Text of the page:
Earth & Conservation

A Deadly Blast Shows the Dangers of Ship Graveyards

Falling steel, explosions and toxic fumes are all in a day's work at the world's most dangerous job.

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At least 17 people died and dozens more suffered injuries following an explosion on Tuesday at the Gadani ship breaking yard in Pakistan. Over 200 employees were working on stripping down an unused oil tanker when the incident occurred at Gadani, one of the largest ship breaking yards in the world.

The tragedy marks the single worst accident in ship breaking history ever reported, but the industry is not exactly one that prioritizes worker safety, as explosions, falls and other hazards threaten laborers' lives every day, as Nicola Mulinaris with the NGO Shipbreaking Platform, a coalition of environmental, human and labor rights organizations, explains.

"Shipbreaking has been declared the most dangerous job in the world by the International Labour Organization (ILO)," Mulinaris told Seeker in an e-mail. Workers do the entire job on a beach, an environment that's inaccessible to the kind of heavy machinery needed to cut steel. Instead, workers use blow torches to break ships down piece by piece and let gravity do the rest.

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Because of the methods used to tear down ships, large sections of the vessel crash down on the beach, often crushing workers below, Mulinaris said. Explosions and falls that injure or kill workers are also common in the industry. Protective gear, such as breathing masks to prevent workers from toxic fumes, and adequate training are not common in the industry, however.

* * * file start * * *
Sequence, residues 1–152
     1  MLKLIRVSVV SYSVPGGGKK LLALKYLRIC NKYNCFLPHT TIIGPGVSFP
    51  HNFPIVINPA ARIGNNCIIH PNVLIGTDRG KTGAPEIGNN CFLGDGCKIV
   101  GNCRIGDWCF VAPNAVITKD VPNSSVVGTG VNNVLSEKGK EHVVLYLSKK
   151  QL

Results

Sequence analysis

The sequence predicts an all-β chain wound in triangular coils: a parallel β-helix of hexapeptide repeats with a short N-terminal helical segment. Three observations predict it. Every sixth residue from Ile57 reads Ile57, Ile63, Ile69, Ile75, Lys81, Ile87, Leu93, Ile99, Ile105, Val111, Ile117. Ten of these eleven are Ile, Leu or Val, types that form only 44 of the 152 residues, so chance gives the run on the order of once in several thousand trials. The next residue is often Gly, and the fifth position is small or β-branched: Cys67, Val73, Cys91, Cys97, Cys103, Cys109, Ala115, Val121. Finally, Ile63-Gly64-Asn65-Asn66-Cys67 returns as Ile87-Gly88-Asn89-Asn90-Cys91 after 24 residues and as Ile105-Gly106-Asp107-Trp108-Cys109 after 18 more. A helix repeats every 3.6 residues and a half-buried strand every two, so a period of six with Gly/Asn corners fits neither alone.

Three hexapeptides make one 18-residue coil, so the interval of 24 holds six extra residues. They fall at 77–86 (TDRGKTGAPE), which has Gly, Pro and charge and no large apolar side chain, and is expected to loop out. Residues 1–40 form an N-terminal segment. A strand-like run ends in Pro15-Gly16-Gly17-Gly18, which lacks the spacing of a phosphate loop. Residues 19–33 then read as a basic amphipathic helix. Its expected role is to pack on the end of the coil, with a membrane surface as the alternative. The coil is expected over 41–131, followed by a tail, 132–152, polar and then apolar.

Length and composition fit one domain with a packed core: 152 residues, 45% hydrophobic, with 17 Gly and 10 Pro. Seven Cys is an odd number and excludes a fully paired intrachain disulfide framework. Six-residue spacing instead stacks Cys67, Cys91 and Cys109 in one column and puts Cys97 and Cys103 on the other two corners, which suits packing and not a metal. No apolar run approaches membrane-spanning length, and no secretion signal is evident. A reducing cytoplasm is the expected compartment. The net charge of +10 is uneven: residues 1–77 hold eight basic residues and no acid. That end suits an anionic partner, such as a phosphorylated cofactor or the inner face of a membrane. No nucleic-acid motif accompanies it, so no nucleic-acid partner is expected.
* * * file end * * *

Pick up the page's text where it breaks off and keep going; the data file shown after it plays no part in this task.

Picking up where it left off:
And that's just what workers face in a typical day on the job. Over the long term, the exposure to toxic fumes, hazardous materials and unhealthy working and living conditions as a result of the job increase the risks of both debilitating and fatal health conditions, such as cancer or asbestosis - lung disease caused by inhaling asbestos.

Workers dismantle oil tankers by hand in the yards on the beach in Chittagong, Bangladesh. | ANDREW HOLBROOKE/Corbis via Getty Images

Workers in the industry in South Asia, where more than 70 percent of end-of-life ships are sold to substandard breaking yards, are paid less than $3 a day, working long hours without overtime or paid holidays. "No support is given to disabled workers to start a new livelihood, and the families are often thrown back into extreme poverty," Mulinaris said.

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In an industry that relies on doing toxic work on unprotected beaches, it's no surprise that ship breaking is a major source of environmental pollution as well. Debris, paint chips and other toxic byproducts of the breakdown process end up both in the water and the sand. Hazardous materials are often either illegally dumped or resold on local markets.

Ultimately, this is a case of an industry prioritizing profits over human safety and environmental sustainability. "Safe and environmentally sound ship recycling is possible. Sustainable alternatives already exist," Mulinaris writes.

Every years, around 1,000 large commercial ships are dismantled, representing millions of tons of scrap metal. With the European Union soon to publish a list of approved ship breaking facilities around the world, ship owners have an opportunity to take their business to sustainable services, and critics of the industry like the NGO Shipbreaking Platform are hoping that owners make such a course correction.

Photo: A ship explodes at the Gadani ship breaking yard in Pakistan. Credit: Xinhua/Stinger via Getty Images